Start, Formula E, Diriyah, 2019

Sims wins as Bird crashes in race two

Formula E

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Alexander Sims took a lights-to-flag win for BMW Andretti in Formula E’s second round in Diriyah.

However the team missed out on a potential one-two as Max Guenther was penalised for a Safety Car infringement. That promoted Stoffel Vandoorne to the podium for Mercedes again on their debut weekend in the series.

Starting from pole position for the second time in 24 hours, Sims lined up with Sebastien Buemi alongside him, Lucas di Grassi and Mitch Evans behind and a gap where Jerome D’Ambrosio’s car had been after it failed on the grid.

The cars made a clean getaway and despite a strong challenge from Di Grassi making a move on Buemi, Sims held the lead for the first 10 minutes of the race. With 33 minutes remaining, Antonio Felix da Costa clipped the back of Buemi as the Nissan driver attempted to trigger his Attack Mode. Buemi then rejoined across the field, forcing his team mate Oliver Rowland wide.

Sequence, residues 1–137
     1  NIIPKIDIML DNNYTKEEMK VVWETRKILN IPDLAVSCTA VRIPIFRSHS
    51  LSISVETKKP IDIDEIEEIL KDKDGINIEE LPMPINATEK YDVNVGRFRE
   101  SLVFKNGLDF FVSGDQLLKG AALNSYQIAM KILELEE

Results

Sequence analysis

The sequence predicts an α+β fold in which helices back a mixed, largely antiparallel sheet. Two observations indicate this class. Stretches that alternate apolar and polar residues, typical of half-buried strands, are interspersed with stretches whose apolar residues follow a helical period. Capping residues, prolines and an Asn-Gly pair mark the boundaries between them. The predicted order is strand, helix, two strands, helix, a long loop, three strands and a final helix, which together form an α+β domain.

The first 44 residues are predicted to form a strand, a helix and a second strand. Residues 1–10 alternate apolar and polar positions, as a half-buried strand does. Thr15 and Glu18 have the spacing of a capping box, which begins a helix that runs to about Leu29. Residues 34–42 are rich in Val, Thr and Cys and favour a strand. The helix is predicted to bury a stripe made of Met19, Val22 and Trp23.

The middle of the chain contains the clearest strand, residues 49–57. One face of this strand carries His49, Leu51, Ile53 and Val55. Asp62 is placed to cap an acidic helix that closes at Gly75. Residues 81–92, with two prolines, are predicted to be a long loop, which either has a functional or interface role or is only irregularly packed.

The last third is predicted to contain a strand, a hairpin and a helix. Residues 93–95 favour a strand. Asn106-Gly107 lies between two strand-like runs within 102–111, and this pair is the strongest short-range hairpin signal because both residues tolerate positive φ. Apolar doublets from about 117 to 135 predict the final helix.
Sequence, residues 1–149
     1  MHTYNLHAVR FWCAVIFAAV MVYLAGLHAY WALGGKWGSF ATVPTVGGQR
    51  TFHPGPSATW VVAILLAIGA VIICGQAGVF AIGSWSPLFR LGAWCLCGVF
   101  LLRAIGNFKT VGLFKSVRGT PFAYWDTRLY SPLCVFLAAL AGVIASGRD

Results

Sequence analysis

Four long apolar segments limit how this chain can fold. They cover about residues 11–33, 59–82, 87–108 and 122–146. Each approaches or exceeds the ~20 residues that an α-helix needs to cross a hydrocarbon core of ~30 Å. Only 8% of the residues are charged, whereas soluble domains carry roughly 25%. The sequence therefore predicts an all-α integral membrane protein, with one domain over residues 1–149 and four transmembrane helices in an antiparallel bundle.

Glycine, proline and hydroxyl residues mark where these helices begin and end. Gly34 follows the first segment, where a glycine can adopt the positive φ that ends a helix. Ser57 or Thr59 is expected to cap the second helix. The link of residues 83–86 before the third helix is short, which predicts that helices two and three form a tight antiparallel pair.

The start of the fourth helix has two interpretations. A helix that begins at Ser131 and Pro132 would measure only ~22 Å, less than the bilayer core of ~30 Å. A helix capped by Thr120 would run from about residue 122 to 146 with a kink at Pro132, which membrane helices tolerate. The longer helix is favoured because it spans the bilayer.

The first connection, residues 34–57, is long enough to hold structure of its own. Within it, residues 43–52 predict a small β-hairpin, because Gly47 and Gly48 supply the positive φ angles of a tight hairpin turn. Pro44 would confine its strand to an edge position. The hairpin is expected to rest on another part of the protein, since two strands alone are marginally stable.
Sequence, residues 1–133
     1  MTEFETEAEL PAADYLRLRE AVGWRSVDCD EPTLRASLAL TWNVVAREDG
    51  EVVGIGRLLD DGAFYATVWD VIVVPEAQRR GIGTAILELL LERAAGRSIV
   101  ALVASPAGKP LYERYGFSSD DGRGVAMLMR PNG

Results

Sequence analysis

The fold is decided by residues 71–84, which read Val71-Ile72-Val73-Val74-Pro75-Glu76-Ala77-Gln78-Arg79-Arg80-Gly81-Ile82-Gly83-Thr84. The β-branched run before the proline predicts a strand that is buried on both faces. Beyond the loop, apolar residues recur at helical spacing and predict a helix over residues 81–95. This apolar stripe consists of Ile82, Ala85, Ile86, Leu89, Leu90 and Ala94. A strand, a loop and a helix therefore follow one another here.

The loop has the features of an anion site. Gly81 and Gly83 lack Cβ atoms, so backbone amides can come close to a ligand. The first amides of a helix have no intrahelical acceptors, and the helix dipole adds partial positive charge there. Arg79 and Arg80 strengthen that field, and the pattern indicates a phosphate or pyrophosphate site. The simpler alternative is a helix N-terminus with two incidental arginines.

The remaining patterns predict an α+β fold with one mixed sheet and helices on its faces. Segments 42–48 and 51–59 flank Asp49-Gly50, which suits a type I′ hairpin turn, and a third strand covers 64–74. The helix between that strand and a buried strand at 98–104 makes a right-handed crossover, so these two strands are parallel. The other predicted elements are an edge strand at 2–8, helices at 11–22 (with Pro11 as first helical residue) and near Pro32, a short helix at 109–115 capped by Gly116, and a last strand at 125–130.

All the cars recovered and the race continued. But five minutes later Da Costa – now in third and running in close traffic – made a move on Di Grassi which triggered a chain reaction effect. Di Grassi robustly defended the move, forcing Da Costa back into Sam Bird and Evans, who was looking to reclaim the place he lost to his rival earlier.

Bird and Evans made contact with each other, then the wall. Evans headed for the pits while Bird limped on and was bit by Wehrlein, putting yesterday’s winner into the wall.

Race one winner Bird crashed out